generally expected to be a single branch. I've found this works very,
very well. They already have a fairly large community after only 6
months of existence, and have accepted a very large number of features
in a short period of time.

I'm very much a fan of the distributed system over the fully
centralized after becoming accustomed to it.

> If we switched to git, perhaps we should take a look at Gerrit for a
> review tool.  I've heard good things about it, but never used it
> myself.  Whatever we use, I think it should really be "review then
> commit", not "commit then review".  Cherry-picking from trunk to a
> branch is possibly better than reverting things in trunk (not sure),
> but in the medium term it would be much better to get rid of commit
> access status entirely -- once we're sure we have a
> properly-functioning review process that can keep up with changes.
>

For puppet in the test/dev environment and the production environment
I plan on keeping the configuration in git, and manage it via gerrit.
I have a gerrit server for testing up on the same server as the
openstack (nova) controller. So far it looks pretty nice.

- Ryan Lane

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Re: Migrating to GIT (extensions)

Daniel Friesen-4
In reply to this post by Brion Vibber
On 11-02-13 06:15 PM, Brion Vibber wrote:

> On Sun, Feb 13, 2011 at 5:49 PM, Jeroen De Dauw<[hidden email]>wrote:
>
>>> +1 to migrate to a DVCS
>> Unless I'm mistaken no one has actually suggested doing that.
>>
> That's been talked about a few times here already. :)
>
> There's some notes about potential git migration plans of action at:
> http://www.mediawiki.org/wiki/Git_conversion
>
> I know Avar's looked into it to various degrees, there may be some more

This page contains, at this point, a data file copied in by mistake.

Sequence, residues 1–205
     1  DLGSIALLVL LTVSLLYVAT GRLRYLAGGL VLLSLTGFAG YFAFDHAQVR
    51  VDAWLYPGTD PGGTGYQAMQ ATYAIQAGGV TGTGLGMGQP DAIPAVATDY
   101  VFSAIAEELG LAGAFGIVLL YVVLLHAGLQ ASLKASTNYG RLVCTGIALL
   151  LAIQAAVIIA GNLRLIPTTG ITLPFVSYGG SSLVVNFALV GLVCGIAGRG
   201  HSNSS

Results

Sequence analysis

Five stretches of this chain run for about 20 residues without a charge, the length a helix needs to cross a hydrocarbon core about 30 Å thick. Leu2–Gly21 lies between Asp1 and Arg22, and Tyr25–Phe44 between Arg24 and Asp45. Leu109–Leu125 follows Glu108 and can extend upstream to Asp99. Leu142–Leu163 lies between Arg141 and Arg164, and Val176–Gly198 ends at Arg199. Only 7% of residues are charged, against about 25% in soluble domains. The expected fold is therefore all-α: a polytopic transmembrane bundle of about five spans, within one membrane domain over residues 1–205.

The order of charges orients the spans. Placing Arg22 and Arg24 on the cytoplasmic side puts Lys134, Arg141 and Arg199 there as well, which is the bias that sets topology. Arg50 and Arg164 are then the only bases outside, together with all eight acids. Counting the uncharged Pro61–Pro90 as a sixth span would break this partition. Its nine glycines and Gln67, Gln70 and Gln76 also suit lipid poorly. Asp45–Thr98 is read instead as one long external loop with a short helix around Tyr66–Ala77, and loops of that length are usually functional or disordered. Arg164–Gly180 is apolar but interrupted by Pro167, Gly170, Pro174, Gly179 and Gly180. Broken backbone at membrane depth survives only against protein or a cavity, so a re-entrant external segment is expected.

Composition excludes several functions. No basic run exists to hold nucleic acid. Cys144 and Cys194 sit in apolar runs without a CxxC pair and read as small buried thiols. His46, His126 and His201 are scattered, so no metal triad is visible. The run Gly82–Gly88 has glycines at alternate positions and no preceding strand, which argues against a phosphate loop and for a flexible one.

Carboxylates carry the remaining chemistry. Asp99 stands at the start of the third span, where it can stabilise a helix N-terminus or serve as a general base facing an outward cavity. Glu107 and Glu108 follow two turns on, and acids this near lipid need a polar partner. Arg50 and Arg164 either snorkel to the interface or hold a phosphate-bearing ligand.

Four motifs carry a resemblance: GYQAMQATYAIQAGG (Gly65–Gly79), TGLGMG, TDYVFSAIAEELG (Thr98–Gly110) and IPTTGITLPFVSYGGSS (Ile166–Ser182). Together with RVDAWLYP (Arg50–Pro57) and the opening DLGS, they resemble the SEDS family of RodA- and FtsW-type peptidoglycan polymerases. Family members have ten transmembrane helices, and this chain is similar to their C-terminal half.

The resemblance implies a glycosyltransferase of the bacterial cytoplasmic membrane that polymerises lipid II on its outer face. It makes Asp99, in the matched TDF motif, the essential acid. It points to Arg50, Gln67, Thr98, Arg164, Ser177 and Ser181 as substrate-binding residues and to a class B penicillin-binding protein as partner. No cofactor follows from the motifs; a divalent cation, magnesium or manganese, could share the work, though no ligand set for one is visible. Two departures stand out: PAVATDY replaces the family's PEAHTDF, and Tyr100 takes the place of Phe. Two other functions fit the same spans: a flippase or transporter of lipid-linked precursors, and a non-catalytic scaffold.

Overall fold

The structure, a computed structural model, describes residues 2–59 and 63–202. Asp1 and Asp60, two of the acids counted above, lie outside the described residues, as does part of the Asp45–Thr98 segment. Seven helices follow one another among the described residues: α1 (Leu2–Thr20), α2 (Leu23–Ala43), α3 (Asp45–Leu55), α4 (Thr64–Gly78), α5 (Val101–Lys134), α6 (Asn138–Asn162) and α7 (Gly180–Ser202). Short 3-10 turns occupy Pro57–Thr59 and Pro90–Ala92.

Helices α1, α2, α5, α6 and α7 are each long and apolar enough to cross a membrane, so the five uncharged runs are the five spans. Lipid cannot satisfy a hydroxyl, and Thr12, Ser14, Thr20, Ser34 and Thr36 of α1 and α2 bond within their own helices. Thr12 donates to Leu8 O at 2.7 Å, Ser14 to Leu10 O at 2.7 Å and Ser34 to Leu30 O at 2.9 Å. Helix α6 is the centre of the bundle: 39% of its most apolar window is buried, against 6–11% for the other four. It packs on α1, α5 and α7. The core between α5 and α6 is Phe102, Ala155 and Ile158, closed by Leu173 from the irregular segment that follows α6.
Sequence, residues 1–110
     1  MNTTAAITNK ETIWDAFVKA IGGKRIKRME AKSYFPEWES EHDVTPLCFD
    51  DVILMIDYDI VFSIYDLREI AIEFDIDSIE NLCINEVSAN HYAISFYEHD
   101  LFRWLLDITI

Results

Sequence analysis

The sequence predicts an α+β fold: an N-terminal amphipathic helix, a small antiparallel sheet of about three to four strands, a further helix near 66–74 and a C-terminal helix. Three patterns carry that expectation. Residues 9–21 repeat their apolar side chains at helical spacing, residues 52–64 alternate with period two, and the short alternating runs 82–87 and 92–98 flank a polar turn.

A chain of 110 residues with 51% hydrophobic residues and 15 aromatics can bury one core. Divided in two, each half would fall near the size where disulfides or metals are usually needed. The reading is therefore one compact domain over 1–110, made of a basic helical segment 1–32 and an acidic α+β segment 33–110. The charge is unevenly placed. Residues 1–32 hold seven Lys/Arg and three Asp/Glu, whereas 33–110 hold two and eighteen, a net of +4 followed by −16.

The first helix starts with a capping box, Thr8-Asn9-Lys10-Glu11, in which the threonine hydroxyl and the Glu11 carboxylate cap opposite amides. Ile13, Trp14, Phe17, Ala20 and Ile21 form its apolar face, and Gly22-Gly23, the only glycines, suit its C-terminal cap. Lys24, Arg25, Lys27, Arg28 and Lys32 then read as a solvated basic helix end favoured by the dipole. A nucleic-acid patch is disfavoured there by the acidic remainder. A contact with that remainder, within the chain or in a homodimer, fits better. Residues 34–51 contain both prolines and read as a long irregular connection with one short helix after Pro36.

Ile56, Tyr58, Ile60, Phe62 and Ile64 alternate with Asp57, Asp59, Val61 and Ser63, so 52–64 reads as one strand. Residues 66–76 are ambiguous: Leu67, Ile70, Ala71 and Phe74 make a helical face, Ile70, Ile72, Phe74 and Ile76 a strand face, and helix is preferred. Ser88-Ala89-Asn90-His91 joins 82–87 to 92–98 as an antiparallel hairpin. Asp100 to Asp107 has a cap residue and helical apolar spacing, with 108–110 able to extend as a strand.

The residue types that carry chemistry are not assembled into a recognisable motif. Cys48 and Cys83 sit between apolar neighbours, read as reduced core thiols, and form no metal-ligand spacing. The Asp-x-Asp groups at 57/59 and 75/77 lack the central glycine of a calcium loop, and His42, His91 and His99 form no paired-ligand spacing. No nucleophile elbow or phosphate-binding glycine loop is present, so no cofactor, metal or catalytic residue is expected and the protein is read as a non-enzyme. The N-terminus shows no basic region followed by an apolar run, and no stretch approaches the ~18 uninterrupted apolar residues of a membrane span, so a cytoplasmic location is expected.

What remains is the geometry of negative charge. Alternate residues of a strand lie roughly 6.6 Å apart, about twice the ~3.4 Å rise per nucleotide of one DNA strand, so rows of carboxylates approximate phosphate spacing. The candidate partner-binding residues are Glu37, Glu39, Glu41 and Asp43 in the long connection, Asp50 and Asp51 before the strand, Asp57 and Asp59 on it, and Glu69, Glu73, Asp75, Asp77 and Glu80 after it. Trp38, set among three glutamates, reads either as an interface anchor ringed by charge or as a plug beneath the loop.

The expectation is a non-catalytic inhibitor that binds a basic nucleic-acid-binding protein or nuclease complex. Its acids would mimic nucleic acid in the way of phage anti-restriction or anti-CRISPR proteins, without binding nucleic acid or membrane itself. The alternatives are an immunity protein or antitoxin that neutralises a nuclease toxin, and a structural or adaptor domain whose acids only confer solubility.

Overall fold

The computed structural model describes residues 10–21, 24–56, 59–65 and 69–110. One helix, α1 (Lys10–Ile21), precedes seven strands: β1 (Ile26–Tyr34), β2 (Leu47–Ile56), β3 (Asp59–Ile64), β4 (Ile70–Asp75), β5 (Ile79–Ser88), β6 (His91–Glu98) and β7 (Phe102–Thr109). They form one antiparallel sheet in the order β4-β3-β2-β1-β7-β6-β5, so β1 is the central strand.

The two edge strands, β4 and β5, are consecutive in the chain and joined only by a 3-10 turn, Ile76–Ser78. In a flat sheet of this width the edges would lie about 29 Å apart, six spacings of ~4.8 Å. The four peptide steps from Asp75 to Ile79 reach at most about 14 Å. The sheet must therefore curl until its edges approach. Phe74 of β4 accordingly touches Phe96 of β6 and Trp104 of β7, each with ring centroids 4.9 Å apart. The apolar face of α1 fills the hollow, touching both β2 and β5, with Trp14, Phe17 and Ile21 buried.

> notes sitting about. I'm definitely in favor of it getting done in some way,
> though there remain basic issues of what to do with extensions -- roll
> everything into a giant repo with core and all extensions, or do extensions
> separate but make it harder to maintain a full consistent versioned set?
>
> I can definitely say that working with branching and merging in git is
> FANTASTIC -- especially for the ability to use source control as your
> workspace for in-progress patches, so you get the full benefits of
> versioning *and* sharing while still working on something.
>
> -- brion
On extensions there's another idea not mentioned on that page.

Right now the distinction there is everything in one git repo vs. use
git submodules.

The dilemma there is this:
- In one repo everyone would need the whole history of all extensions to
check out one extension, naturally this is not what we desire so we want
to split it.
- however if we split it then you no longer can check out all the
extensions for mass development, bulk translation, etc... purposes.
- so we consider having a dedicated repo which simply has git submodules
to all the different extensions so you can easily check them out
- unfortunately git submodules aren't like svn externals (whether svn's
externals behavior could be considered a good thing all the time is a
side topic) a commit id is part of the package, so you can't say "I want
the latest commit from this repo", you have to say "I want <x> commit
from this repo" and to get the same behavior you have to do some hacky
things committing a change to the repo hosting submodule references
every time the remote repo adds a new commit
-- ((Although on the other hand, this could be interesting for extension
branching... if we make rel1_16 style branches in the git repo they can
easily target a specific commit, and "backporting" things as compatible
for that rev simply means going into that branch and updating what
commit the submodule refers to))

Naturally both options are not ideal. We can't have all extensions in
one repo, nor is making automated commits to a repo every time a remote
repo is updated an ideal.

However a key thing to note is that git submodules aren't anything
really special. Sure, they're integrated into git, but the only real
special feature about them is that you can target a specific commit
id... and heck, we don't even want that feature, that's the whole reason
it's problematic. Git submodules don't optimize cloning the repo, it
doesn't store any of the remote data in the repo, so whether you use a
submodule or not the actual task of getting those extension repos is
still that of cloning each and every one of those remote repos
individually. The only difference submodules make is that now instead of
`git clone <x>` or `git pull <x>` over and over and over. You just run
`git submodule <update,etc...>` and it runs the clone or pull for every
repo sequentially without you having to explicitly do it. And the result